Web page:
Patients prefer insert over topical drops for symptom control after LASIK
Patients undergoing elective bilateral femtosecond LASIK prefer a dexamethasone insert to topical prednisolone acetate after surgery to manage ocular symptoms, according to a study in Clinical Ophthalmology.
According to the study, patients using the insert reported comparable ocular comfort, corneal staining, and visual acuity outcomes to topical prednisolone.
In this randomized clinical trial, 20 patients undergoing bilateral LASIK were randomized to receive the dexamethasone insert in one eye and topical prednisolone acetate 1% four times daily for 1 week and 2 times daily for a second week in the alternate eye.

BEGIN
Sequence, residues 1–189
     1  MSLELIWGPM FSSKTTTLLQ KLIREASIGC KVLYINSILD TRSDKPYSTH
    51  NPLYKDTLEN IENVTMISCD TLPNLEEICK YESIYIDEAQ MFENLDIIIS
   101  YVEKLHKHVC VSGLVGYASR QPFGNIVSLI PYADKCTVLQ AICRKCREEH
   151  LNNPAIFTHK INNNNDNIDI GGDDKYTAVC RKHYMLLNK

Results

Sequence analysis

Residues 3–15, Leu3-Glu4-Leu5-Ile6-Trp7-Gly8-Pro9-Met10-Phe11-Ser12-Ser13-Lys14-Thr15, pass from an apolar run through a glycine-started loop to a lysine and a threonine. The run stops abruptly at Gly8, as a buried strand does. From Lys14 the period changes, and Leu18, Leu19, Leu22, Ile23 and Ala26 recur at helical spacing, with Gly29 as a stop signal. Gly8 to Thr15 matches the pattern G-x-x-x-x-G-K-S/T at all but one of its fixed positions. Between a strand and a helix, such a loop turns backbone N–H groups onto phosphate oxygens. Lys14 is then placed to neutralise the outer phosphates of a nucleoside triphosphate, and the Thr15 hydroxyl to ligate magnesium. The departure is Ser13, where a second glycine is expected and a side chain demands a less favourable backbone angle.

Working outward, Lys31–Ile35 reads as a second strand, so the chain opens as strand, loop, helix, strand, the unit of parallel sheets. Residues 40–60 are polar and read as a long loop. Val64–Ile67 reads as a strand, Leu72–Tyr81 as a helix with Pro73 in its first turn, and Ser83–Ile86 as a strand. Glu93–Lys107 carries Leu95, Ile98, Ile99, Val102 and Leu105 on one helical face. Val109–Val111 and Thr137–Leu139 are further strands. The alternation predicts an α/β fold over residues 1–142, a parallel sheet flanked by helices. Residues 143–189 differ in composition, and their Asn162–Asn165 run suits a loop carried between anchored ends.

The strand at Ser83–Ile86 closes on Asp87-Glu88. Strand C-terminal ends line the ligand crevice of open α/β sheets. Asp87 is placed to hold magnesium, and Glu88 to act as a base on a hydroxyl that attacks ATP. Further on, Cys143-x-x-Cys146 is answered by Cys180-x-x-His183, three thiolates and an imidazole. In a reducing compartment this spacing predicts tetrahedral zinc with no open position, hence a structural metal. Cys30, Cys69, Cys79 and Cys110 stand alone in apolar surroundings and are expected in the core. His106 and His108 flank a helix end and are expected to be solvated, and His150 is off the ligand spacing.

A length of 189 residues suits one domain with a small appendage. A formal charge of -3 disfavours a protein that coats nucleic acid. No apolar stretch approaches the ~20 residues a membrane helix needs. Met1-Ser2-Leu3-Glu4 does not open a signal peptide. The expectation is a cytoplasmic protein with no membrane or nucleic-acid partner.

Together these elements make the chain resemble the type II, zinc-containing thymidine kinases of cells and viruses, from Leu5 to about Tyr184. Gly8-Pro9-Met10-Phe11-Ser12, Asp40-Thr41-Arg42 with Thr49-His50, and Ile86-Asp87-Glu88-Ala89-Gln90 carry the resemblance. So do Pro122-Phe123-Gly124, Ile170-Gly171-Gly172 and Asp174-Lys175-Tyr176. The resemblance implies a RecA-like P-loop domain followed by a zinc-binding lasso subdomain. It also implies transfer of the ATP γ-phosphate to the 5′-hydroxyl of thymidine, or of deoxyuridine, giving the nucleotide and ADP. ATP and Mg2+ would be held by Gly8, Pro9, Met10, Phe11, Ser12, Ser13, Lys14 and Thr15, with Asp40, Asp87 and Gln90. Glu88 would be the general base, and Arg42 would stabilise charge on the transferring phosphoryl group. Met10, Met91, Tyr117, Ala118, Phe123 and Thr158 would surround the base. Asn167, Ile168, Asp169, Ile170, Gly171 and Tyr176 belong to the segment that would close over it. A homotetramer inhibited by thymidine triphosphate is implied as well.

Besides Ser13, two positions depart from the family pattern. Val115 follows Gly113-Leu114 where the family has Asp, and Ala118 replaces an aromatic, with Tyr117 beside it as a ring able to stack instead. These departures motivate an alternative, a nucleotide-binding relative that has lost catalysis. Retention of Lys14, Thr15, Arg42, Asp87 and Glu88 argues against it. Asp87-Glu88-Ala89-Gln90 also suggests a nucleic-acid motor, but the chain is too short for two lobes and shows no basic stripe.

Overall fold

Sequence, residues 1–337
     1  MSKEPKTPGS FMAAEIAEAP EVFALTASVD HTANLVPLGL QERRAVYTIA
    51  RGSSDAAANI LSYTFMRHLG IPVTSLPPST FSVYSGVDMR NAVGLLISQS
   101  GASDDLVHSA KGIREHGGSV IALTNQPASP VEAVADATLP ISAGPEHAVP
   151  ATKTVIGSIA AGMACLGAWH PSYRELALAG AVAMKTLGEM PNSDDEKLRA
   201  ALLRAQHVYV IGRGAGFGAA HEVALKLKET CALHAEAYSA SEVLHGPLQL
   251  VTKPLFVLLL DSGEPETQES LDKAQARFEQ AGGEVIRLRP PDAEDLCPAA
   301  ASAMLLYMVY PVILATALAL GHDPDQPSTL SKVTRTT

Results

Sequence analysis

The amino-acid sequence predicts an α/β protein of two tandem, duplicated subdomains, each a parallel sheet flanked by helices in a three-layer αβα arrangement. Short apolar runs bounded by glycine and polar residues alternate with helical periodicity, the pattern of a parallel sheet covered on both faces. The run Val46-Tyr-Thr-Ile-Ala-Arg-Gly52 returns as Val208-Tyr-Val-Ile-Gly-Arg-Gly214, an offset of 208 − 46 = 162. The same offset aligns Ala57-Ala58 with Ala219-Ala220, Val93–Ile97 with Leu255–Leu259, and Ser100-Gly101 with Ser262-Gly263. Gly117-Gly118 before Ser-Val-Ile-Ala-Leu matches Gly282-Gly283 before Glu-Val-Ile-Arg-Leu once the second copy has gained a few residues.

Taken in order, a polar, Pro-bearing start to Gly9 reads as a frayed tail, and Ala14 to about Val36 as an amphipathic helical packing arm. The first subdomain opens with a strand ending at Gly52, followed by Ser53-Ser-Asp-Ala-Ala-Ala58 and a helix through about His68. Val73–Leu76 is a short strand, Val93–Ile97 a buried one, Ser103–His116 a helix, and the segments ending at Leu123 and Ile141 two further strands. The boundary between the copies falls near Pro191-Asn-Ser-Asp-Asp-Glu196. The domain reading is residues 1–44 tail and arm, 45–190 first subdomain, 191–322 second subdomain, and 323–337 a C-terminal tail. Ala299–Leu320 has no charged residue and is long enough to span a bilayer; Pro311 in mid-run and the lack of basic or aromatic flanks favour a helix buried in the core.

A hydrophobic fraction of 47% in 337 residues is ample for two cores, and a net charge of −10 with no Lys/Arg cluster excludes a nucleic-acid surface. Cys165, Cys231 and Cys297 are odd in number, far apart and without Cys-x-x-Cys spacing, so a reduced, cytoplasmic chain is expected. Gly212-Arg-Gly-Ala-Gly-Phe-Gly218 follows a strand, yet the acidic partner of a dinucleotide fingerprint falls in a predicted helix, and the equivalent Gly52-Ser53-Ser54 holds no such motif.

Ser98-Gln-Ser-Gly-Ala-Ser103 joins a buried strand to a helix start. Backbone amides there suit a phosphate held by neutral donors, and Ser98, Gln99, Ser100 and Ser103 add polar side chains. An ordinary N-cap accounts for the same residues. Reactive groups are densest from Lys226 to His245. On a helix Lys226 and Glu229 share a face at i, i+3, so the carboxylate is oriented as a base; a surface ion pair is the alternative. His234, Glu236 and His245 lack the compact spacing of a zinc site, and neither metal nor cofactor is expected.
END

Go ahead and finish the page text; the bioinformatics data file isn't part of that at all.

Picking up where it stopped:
After 1 month, 80% of patients preferred the insert, with 10% each preferring prednisolone acetate or having no preference. Ocular comfort and discomfort related to dry eye symptoms, patient-reported ocular dryness, and the corneal staining scores, was similar for each eye.
The authors concluded that “The insert is an appropriate means of postoperative symptom control in this quality of life-conscious population.”
Greenwood MD, Gorham RA, Boever KR. A randomized fellow-eye clinical trial to evaluate patient preference for dexamethasone intracanalicular insert or topical prednisolone acetate for control of postoperative symptoms following bilateral femtosecond laser in site keratomileusis (LASIK). Clin Ophthalmol. 2020;14:2223-2228. https://doi.org/10.2147/OPTH.S265311
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